In harmony with the position long taken by the Cooperative she warned of the natural tendencies for large regional or multi-state systems to have their primary allegiance not to patients but to the CEO and when for-profit, to the stockholders and not to the community but to the system itself. Her most controversial statement may have been:
"the (large) size of many systems or
institutions is the enemy of intimacy."
She reminded us that the personal nature of health care requires a professional intimacy between a provider and patient, an intimacy that she believes is inherently in conflict with the nature of large institutions and systems.
On the other hand, she strongly dismissed the typical creeps verses angels characterization of the growing wars between for-profits and non-profits. The litmus test for who can claim the high moral ground is equally applicable to both:
Cause Of A Third Party Candidate?
From an editorial in 8/25 Washington Post:
"The voters want a balanced budget and a government that works, but they are wary of a wholesale dismantling of protections for the poor, the elderly and the environment. But the Democrats who are talking against such moves have failed to convince voters of their own capacities for leadership or initiative. The voters, in short, don't agree with the Republicans and don't respect the Democrats. Is it any wonder the public's mood is so sour?"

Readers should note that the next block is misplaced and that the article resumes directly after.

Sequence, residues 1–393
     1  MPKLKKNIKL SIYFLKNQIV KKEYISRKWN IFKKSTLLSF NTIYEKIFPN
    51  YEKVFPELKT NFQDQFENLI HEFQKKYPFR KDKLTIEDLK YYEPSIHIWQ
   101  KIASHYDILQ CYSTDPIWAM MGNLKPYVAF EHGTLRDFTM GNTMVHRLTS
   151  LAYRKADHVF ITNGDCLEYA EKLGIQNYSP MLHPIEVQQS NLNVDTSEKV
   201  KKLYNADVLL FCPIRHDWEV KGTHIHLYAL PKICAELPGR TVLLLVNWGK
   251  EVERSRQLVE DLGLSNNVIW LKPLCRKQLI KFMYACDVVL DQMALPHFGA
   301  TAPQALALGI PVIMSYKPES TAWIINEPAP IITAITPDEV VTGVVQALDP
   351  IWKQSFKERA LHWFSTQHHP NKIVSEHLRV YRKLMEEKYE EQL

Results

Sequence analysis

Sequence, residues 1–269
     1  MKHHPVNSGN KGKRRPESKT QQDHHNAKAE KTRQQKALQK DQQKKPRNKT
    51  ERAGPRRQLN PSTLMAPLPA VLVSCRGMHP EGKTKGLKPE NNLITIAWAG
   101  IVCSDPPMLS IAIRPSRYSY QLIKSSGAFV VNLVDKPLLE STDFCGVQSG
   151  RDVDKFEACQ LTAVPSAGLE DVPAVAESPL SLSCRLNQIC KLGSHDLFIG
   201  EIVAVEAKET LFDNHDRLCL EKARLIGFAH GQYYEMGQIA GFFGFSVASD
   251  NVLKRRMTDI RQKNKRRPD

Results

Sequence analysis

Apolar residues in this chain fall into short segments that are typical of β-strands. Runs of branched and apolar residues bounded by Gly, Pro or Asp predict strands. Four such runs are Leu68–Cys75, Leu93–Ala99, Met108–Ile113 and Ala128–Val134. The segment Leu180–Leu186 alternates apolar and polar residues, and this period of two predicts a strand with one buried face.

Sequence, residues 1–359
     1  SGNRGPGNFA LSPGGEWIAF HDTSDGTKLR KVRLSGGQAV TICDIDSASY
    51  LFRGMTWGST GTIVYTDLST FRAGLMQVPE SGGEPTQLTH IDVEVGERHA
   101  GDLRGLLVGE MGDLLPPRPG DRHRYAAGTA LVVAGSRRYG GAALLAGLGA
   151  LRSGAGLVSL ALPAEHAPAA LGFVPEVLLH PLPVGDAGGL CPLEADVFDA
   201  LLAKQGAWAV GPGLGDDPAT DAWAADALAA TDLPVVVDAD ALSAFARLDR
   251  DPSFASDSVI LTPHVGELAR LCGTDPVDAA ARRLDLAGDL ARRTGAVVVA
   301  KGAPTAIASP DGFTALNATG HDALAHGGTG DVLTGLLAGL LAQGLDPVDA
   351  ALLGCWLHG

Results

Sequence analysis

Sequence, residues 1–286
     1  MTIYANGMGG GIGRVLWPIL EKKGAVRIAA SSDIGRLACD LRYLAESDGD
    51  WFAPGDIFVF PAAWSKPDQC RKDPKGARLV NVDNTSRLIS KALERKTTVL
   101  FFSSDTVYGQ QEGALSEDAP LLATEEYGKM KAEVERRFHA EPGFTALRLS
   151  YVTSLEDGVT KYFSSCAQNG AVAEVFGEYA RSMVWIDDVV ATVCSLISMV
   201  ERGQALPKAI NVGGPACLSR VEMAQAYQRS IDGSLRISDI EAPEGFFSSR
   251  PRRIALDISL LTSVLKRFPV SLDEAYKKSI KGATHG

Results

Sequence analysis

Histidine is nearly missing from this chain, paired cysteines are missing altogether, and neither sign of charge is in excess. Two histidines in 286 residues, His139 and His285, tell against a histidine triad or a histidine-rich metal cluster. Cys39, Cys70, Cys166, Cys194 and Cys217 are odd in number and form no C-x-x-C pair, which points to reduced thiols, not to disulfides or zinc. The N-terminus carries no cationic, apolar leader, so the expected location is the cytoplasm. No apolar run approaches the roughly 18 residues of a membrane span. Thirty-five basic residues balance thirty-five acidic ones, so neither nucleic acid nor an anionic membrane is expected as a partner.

Bachelor's Program For Rural RN's
Due to the endurance and hard work of Pat Lasky, a senior member and associate dean of the UW-Madison School of Nursing, a long-standing request of rural nursing and RWHC is finally to be answered.
According to September's Nursing matters, five campuses of the UW System are collaborating in offering a bachelor's degree in nursing to meet the needs of students who have limited access to a campus. The Collaborative degree is a joint effort of the schools of Nursing on the campuses at Madison, Eau Claire, Oshkosh, Milwaukee and the department of Nursing at Green Bay.
Extensive use will be made of distance education technology with ten remote sites around the state. Students will select a "home" campus for student related services and except for one "unique capstone experience," attend classes at the outreach sites.
The first two courses in the nursing curriculum will be offered beginning in January 1996. Call 800-442-6459 for more information.